When asked to give a synopsis of the season, Coach Nunnally answered, “We started slowly, as we had three players with limited experience on the court. The remainder of our players had played on a basketball team before. Our schedule did not help our slow start since our first twelve games were away. We started with thirteen players and actually added four players over the course of the season. We ended the season with eight players. The turnover of players hampered the development of the team. After Christmas vacation, we started to find our footing and won seven of our remaining fifteen games. Our overall record was 9-16 and we finished the season on a high note by taking second place in the NLCA Invitational Tournament. Our team was constantly praised by opposing coaches and fans for our disciplined play, effort, and the good sportsmanship our team displayed.”

After asking Coach Nunnally if it was what he expected he said, “I knew coming in that I was taking on a team with little experience, so I knew we would struggle early on. I did not expect to lose so many players for one reason or another during the season, so that was definitely a surprise. I knew that we would get better as the season progressed and the boys that stuck with it all the way to the end proved me right.”

Coach Nunnally said that some of his favorite things about coaching this season was helping to mold a team and watching them improve over the course of the season. He said the players learned to play for each other and not just for themselves. Coach Nunnally’s favorite memory was watching the team work hard to get better every single day and he truly saw the results as they defeated three teams that beat them the first time around. They also ended the season with nine 3-pointers in one game, a new Boys Home Hilltopper record!

Coach Mike Nunnally is already excited for the 2019-2020 basketball season and said as long as the boys work hard during the offseason, the Hilltoppers will surprise many teams next year!

Thank you, Coach Nunnally, for all your time, dedication, and patience that you poured into the Boys Home players this season. We are excited to see what the 2019-2020 season has in store!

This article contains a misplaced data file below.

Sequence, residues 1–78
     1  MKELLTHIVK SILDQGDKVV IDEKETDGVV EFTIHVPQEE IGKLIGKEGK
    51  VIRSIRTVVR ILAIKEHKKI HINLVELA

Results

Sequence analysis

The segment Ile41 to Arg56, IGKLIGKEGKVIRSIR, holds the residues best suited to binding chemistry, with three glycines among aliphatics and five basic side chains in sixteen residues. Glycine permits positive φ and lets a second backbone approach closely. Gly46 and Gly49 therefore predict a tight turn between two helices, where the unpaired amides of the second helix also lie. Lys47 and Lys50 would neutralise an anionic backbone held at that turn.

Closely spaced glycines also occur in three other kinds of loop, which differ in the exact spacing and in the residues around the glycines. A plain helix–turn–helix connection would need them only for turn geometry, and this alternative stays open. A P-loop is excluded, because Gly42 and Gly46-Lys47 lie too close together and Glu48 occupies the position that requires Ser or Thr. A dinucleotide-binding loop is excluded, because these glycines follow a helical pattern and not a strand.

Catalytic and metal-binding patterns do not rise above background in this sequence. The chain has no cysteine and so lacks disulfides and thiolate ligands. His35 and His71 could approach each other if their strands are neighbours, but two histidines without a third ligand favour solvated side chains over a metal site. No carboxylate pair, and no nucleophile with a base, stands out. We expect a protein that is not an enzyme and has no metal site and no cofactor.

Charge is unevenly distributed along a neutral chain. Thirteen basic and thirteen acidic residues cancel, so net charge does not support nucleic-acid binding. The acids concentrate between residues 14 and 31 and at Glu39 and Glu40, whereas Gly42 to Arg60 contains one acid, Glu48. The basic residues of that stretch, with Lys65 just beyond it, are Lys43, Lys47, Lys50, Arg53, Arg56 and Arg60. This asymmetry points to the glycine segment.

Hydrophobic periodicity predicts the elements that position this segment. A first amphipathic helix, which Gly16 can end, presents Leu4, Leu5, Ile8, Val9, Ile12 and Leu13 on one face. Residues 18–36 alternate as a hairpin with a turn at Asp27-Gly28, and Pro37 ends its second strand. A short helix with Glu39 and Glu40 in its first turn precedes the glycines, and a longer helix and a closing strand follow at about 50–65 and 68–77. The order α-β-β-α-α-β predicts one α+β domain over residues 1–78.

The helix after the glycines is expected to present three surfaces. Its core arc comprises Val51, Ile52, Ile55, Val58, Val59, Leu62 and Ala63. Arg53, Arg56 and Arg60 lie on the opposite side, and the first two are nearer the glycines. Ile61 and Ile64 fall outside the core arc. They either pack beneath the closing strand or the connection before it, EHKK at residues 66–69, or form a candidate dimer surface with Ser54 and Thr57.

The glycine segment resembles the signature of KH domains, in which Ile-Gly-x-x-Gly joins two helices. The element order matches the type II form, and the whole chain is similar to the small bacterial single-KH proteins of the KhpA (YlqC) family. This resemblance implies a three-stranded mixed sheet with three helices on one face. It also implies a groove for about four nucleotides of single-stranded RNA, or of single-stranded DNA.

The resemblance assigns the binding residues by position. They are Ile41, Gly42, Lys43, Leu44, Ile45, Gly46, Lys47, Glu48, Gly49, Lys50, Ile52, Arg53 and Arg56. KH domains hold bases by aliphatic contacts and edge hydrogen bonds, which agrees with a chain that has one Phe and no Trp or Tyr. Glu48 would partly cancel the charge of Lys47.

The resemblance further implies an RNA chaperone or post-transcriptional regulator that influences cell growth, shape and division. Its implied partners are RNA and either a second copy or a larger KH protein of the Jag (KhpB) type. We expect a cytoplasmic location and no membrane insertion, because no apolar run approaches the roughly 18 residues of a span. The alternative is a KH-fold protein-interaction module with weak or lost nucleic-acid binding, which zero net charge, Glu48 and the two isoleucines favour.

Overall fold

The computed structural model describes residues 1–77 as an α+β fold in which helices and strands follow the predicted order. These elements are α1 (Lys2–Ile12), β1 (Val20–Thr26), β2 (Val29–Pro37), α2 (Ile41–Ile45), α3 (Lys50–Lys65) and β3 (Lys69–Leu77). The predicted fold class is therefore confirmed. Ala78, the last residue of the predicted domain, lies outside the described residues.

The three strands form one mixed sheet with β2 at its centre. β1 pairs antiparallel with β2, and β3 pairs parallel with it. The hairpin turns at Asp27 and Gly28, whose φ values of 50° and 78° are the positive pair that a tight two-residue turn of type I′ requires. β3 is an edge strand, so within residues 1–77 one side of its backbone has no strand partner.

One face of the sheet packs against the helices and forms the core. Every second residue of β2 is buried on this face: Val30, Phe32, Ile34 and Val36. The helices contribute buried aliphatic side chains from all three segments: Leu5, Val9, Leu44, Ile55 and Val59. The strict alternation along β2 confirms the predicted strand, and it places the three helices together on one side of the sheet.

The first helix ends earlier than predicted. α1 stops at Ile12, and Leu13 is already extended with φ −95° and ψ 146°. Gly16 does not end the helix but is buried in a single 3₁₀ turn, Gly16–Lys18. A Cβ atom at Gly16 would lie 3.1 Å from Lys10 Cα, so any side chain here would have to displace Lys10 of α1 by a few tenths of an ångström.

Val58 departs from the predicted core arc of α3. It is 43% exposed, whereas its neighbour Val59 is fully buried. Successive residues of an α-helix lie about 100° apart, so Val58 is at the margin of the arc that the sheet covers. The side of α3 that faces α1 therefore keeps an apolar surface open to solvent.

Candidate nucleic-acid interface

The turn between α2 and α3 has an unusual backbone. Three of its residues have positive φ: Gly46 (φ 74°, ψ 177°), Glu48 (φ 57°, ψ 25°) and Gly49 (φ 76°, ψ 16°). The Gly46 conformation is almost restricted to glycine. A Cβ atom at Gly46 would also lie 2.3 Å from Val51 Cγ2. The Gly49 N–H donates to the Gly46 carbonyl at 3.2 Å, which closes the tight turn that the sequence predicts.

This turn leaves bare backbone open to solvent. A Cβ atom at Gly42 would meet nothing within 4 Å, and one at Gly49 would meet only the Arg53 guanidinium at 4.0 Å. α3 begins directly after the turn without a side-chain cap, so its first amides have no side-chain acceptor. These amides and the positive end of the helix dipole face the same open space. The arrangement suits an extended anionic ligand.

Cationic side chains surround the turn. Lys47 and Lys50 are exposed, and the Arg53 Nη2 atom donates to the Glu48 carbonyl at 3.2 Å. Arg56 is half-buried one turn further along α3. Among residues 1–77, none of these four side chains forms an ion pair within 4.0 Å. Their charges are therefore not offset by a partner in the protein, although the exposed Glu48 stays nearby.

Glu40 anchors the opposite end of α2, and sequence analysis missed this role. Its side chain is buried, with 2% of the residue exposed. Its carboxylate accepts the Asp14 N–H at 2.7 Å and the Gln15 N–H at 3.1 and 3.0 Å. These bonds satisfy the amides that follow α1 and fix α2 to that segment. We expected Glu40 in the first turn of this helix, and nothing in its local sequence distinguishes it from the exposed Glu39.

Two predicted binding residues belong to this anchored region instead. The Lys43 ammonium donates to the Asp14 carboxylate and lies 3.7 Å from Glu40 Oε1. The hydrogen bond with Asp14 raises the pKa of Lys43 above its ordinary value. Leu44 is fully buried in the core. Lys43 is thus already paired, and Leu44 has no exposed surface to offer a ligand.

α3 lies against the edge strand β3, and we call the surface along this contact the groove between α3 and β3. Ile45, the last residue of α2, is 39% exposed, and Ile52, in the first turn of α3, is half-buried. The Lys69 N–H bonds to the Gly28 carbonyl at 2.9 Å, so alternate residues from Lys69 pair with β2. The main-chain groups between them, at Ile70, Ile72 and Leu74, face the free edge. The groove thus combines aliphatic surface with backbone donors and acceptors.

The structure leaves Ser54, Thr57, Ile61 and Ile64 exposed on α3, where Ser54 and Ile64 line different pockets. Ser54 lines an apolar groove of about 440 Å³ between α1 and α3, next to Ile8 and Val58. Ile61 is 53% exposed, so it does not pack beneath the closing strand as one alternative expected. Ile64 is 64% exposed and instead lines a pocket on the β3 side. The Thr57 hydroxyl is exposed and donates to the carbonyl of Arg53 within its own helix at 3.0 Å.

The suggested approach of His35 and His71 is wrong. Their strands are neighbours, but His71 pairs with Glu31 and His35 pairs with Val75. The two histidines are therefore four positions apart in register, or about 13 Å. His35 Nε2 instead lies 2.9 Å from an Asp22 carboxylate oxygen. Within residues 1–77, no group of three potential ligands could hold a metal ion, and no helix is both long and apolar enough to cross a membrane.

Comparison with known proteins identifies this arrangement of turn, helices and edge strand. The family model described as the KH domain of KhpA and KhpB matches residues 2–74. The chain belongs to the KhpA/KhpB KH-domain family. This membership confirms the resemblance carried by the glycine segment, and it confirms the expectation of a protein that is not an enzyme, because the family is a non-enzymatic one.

• By Elaine Brelsford
  • Posted:
  • Events, News, Uncategorized

Carl Blacke

Boys Home of Virginia is sad to announce the death of Mr. Carl Blacke. He served at Boys Home for over 15 years in various capacities and was most recently a houseparent. The entire Boys Home community will miss the kindnesses that he extended to both students and staff.

The funeral will be Saturday, March 9 at Glasgow Baptist Church, 805 10th Street Glasgow, VA at 1:00 p.m. Visitation will be 12-1 prior to funeral. Reception will take place at Community Center about a mile from the church.

  • By Lauren Hanna
  • Posted:
  • Activities, News, Uncategorized

A Note from Chaplain Anne Grizzle: Bishop Curry

Six students from Boys Home opened up the Friday evening Eucharist of the Diocese of Southwestern Virginia’s Convention on January 25, 2019. They sang “This Joy That I Have the World Didn’t Give It To Me” while playing the drums. After singing the song through twice, they invited everyone to sing along. The audience rose to their feet and began clapping and singing along. The students practiced hard in order to be able to offer this opening song. Great job to Christian, Alvin, Ben, Jason, Khean, and Phillip! The students were surprised and delighted with Bishop Michael Curry came over to greet them personally, offering a hug and bishop’s pin. Bishop Curry also signed books that were given to each of these students at the chapel service at Boys Home the following week.

All of the students from Boys Home went to Roanoke for the Episcopal Revival on Sunday, January 27, 2019 at the Berglund Performing Arts Center. The musical group Live Hymnal offered inspiring music and Bishop Curry gave a lively sermon about following Jesus’ way of love. Afterwards, the students at Boys Home stopped by St. James Episcopal Church in Roanoke for a Sunday dinner prepared by Gary Price from Boys Home. The fellowship from St. James parishioners and the Sudanese community made for a festive and fun conclusion to a very memorable outing!